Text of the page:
Minnesota Senate Republicans pitched a 2022 “top priority” $65 million law enforcement recruiting package Wednesday.
The proposals – dubbed the “Creating Opportunities in Public Safety” (C.O.P.S) program – would incentivize law enforcement recruitment statewide to address a police officer shortage, Senate Majority Leader Jeremy Miller, R-Winona, said in a news conference.
“Across the state, we’ve been hearing from law enforcement agencies that are struggling with staff,” Miller said. “Law Enforcement officers are leaving the force in far higher numbers than they are applying to join the force and it’s hitting a critical stage for their ability to provide for safe communities,” “This isn’t an accident. These losses are a direct result of the ‘Defund the Police’ and anti-police rhetoric, that has demonized police officers and left them personally demoralized and their agencies diminished in size and standing.”
COVID-19 vaccine mandates have sparked nationwide controversy and led to firings and resignations around the country. Police officers have been hit hard by the requirements, and their exodus may leave many cities understaffed even on the heels of a spike in violent crime.
In New York City, officers passed the mayor’s deadline for vaccination Friday. The city announced that there are 26,000 unvaccinated municipal workers, including 17% of police officers. Those who refuse to comply will be placed on unpaid leave beginning Monday.
But New York City is far from the only local government to take that route. Several municipalities have instituted vaccine mandates for police officers only to see a significant drop-off in staffing.
Ramped-up security during the three weeks of Derek Chauvin’s trial cost taxpayers nearly $3 million, the Minneapolis Police Department said Thursday.
Citing unexpected costs, Police Chief Medaria Arradondo asked the Minneapolis City Council for an additional $5 million.
The MPD has 632 sworn officers, down from 845 one year ago — a 25% drop — to protect the 425,000-person city that’s fighting spiking violent crime.
Michigan House GOP unveiled a plan to spend roughly $80 million to support local police departments.
The plan aims to counter the “defund the police movement,” House Speaker Jason Wentworth, R-Clare, said in a Thursday morning press conference.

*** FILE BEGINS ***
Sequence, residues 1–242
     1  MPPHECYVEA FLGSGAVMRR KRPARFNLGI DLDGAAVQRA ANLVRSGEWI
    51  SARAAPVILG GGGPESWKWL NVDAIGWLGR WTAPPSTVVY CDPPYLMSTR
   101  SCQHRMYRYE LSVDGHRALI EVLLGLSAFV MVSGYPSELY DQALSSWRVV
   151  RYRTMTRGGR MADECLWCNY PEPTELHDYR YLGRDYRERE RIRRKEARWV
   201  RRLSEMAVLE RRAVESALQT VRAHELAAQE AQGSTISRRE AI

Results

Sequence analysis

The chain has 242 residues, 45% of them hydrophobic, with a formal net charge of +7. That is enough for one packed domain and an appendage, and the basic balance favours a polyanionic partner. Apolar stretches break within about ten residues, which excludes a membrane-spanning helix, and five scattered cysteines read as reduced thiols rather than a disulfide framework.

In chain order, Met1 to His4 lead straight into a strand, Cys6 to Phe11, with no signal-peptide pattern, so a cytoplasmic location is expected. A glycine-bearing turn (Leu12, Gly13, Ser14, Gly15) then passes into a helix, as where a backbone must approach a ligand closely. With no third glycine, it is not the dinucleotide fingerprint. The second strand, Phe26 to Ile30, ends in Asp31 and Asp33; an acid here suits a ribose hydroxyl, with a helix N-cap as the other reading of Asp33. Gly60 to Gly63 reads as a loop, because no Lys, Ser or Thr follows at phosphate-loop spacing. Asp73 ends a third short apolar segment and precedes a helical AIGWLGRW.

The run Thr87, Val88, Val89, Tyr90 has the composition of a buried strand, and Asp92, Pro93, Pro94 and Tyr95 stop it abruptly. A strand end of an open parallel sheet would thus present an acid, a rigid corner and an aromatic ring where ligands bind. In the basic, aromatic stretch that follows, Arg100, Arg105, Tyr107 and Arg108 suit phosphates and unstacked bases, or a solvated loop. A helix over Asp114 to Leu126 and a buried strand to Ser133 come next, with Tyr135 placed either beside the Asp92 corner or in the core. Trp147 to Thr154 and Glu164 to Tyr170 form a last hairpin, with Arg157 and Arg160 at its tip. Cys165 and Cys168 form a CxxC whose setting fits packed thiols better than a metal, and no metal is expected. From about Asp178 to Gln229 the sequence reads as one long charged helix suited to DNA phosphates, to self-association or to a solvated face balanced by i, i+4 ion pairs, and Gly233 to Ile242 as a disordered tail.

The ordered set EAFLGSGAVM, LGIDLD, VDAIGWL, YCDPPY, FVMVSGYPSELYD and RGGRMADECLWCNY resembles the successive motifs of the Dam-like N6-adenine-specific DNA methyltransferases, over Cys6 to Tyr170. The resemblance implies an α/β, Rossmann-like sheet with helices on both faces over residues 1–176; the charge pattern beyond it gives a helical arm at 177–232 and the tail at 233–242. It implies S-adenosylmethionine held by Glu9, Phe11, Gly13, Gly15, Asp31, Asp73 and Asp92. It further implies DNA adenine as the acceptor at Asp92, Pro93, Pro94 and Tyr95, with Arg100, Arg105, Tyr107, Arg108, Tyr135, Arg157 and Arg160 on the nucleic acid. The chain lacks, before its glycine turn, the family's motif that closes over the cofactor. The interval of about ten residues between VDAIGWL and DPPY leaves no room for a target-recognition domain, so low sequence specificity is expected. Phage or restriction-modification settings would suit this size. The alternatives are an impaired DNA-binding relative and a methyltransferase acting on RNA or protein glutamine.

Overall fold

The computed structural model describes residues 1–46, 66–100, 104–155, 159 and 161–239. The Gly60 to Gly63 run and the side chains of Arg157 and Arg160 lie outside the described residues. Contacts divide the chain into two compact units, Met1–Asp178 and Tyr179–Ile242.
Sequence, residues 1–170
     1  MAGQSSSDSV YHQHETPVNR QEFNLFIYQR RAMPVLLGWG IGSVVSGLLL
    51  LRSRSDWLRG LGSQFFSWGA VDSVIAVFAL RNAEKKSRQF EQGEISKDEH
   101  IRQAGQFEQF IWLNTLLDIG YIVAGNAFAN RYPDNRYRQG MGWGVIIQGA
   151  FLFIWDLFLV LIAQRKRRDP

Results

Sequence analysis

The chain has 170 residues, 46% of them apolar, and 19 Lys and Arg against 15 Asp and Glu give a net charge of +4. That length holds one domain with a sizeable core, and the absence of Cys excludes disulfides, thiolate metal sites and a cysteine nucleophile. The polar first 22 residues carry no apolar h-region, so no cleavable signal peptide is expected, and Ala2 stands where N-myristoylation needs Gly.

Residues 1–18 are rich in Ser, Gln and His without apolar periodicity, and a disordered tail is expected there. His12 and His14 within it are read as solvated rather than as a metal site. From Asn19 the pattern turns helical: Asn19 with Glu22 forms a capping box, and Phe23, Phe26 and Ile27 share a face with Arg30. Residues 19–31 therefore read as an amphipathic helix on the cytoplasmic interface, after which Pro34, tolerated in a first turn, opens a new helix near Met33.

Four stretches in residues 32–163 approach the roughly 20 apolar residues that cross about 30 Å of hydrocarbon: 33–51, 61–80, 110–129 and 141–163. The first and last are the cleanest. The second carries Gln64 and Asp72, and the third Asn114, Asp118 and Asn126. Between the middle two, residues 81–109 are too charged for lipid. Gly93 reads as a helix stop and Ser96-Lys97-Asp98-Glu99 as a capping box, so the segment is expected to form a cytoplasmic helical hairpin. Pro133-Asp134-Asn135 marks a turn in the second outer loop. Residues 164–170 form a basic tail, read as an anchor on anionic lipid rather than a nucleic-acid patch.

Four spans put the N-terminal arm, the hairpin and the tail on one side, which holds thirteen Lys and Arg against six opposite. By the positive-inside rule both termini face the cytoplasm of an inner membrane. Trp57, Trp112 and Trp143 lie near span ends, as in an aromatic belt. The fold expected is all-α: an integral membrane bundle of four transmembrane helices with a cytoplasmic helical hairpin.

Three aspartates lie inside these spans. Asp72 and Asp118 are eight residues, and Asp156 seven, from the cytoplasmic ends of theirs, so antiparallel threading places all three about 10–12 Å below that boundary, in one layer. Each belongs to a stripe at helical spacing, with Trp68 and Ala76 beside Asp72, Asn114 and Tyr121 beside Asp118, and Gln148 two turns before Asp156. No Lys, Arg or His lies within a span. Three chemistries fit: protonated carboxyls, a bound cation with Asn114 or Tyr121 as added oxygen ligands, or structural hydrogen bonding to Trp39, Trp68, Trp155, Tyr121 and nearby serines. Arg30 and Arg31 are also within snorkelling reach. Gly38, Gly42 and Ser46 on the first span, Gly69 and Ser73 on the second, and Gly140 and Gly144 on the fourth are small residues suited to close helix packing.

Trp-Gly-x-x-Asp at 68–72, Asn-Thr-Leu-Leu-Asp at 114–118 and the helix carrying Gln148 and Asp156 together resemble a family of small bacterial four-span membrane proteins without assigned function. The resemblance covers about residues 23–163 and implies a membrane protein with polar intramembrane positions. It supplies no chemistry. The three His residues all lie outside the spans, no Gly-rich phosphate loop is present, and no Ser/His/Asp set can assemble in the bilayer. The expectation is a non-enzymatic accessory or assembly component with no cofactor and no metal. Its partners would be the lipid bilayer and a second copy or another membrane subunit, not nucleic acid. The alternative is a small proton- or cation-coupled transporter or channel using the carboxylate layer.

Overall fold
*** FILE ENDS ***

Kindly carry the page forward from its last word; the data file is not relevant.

House Republicans say the plan supports law enforcement, strengthens the criminal justice system and expands community policing statewide.
Calls to defund the police have once again been thrust into the national spotlight after a string of high profile police shootings, but data show the rallying cry for police reformers may not hold water.
After the death of Daunte Wright at the hands of police in Minnesota, U.S. Rep. Rashida Talib, D-Mich., made headlines this week for posting on Twitter: “No more policing, incarceration, and militarization. It can’t be reformed.”
Later in the week, Senate lawmakers blasted President Joe Biden’s Justice Department Civil Rights Division nominee Kristen Clarke after reports that she wrote an op-ed calling for defunding the police. Clarke pushed back, arguing that was not the point of her writing.
An Ohio lawmaker, whose father served a school resource officer who chased an active shooter from a building, wants to make it easier for school districts to arm its employees.
Rep. Thomas Hall, R-Madison Township, introduced legislation that requires school employees to complete only concealed carry weapon training to be able to carry on gun on campus. School employees currently must complete more than 750 hours of peace officer training.
Conceal carry training is six hours of classroom instruction and two hours of on-range training.
Officer Adam Coy has been fired from the Columbus Division of Police in Ohio after he fatally shot Andre Hill, a Black man, officials announced on Monday after a disciplinary hearing.